Novel diagnostic and therapeutic targets in ischaemic brain injury
Ischaemic stroke is a leading cause of death and major disability resulting from death of brain tissue and focal neurological deficits; however, despite decades of research, treatment options remain limited. To develop more effective treatment and achieve better functional recovery, there is a need for a better understanding of the molecular mechanisms underlying disease pathology and progression. The broad focus of Dr. Pfeiffer’s research is to identify biomarkers, as diagnostic and prognostic indicators for outcome in patients aimed at improving functional recovery, and neuroprotective agents aimed at rescuing ischaemic neurons from irreversible injury, improving neurological outcome and facilitating brain recovery.
Areas of interest:
Activation of AMP-activated protein kinase (AMPK), a key protein kinase activated in response to various physiological or pathological stimuli such as ischemia, hypoxia and glucose deprivation, is a critical regulator in cellular energy function in response to stress. The pro-survival or pro-apoptotic effect of AMPK activation is determined by the duration and level of the AMPK activity following energetic stress and the extent of recovery of ATP depletion and cellular bioenergetics, determining whether a cell can tolerate a stimulus or initiates cell death. To this end, Dr. Pfeiffer’s research focuses on the elucidation of the molecular signatures mediating the effects of AMPK activation to provide insight into the functional relevance and identification of individual regulatory targets, including microRNA.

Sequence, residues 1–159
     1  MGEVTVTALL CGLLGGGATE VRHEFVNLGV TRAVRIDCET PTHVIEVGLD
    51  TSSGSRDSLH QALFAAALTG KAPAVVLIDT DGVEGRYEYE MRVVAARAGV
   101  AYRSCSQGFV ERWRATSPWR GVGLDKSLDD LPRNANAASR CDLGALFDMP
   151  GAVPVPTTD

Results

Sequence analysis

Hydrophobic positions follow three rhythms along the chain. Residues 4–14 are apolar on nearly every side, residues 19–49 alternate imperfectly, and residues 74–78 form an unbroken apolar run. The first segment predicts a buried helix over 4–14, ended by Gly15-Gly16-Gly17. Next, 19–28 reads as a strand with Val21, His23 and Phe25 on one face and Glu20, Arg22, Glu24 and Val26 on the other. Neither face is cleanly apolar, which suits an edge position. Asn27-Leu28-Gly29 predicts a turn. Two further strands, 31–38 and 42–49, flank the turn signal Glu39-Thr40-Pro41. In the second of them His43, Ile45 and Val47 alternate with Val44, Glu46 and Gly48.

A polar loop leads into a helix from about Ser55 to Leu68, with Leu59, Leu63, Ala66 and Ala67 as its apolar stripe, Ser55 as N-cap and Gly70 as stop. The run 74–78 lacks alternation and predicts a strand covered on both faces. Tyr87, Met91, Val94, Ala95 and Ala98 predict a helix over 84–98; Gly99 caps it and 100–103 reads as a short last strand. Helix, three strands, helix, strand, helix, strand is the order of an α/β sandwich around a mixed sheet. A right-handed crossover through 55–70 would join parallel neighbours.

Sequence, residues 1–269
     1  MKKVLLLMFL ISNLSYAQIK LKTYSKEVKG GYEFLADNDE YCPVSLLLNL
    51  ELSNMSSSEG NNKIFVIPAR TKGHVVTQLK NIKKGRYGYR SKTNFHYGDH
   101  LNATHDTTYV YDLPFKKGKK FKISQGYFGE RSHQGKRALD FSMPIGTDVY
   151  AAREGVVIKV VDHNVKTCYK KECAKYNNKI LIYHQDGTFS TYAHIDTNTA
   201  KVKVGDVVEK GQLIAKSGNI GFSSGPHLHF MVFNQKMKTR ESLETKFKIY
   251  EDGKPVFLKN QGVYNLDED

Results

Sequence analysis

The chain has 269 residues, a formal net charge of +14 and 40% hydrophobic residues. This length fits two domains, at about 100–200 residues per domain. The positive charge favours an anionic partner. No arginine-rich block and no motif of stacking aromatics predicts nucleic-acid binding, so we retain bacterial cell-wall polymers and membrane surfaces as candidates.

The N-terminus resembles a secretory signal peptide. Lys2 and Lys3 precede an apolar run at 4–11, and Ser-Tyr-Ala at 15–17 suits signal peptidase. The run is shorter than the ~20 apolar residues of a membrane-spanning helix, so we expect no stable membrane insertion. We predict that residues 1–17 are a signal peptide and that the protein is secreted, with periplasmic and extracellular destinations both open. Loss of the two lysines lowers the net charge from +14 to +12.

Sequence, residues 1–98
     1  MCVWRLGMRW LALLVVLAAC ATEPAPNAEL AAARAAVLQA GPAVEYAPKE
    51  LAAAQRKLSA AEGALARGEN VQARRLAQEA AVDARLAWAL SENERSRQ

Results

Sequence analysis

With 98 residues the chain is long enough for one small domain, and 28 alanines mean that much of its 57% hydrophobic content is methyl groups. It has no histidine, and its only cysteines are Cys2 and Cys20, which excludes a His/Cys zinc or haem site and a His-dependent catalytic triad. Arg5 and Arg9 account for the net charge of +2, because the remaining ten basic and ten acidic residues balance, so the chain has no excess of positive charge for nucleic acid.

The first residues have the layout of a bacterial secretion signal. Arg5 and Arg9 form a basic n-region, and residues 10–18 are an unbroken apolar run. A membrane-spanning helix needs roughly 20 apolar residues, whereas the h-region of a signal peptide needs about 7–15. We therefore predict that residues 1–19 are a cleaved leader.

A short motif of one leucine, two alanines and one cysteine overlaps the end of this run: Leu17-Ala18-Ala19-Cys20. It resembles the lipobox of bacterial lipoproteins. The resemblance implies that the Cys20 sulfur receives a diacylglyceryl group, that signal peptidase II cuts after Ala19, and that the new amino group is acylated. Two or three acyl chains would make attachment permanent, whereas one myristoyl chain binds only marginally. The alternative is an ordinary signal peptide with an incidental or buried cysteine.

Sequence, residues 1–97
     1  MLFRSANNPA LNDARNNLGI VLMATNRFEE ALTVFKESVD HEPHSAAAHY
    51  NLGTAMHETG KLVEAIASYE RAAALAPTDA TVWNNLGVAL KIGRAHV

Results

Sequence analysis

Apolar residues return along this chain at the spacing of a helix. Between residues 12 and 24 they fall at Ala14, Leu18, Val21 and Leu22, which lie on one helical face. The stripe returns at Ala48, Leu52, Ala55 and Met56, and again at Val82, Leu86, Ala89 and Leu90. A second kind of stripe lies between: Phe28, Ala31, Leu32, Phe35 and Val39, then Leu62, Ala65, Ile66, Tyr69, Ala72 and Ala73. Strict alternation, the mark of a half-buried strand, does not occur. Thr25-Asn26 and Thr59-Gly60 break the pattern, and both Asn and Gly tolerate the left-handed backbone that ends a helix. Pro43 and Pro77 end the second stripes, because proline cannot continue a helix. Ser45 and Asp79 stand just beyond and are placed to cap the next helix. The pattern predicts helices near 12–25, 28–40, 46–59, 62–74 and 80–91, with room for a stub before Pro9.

Endogenous microRNA (miRNA) are potent regulators of gene function elevated in a wide range of diseases, with crucial roles as regulators of signalling pathways involved in ischaemia-reperfusion injury. Identification of elevated microRNA in response to progressive neuronal injury may identify ischaemia-associated miRNAs as important targets for development as biomarkers and therapeutics in the clinical management of ischaemic brain injury. The aim of this research is to characterise and validate such microRNA in both pre-clinical and clinical settings.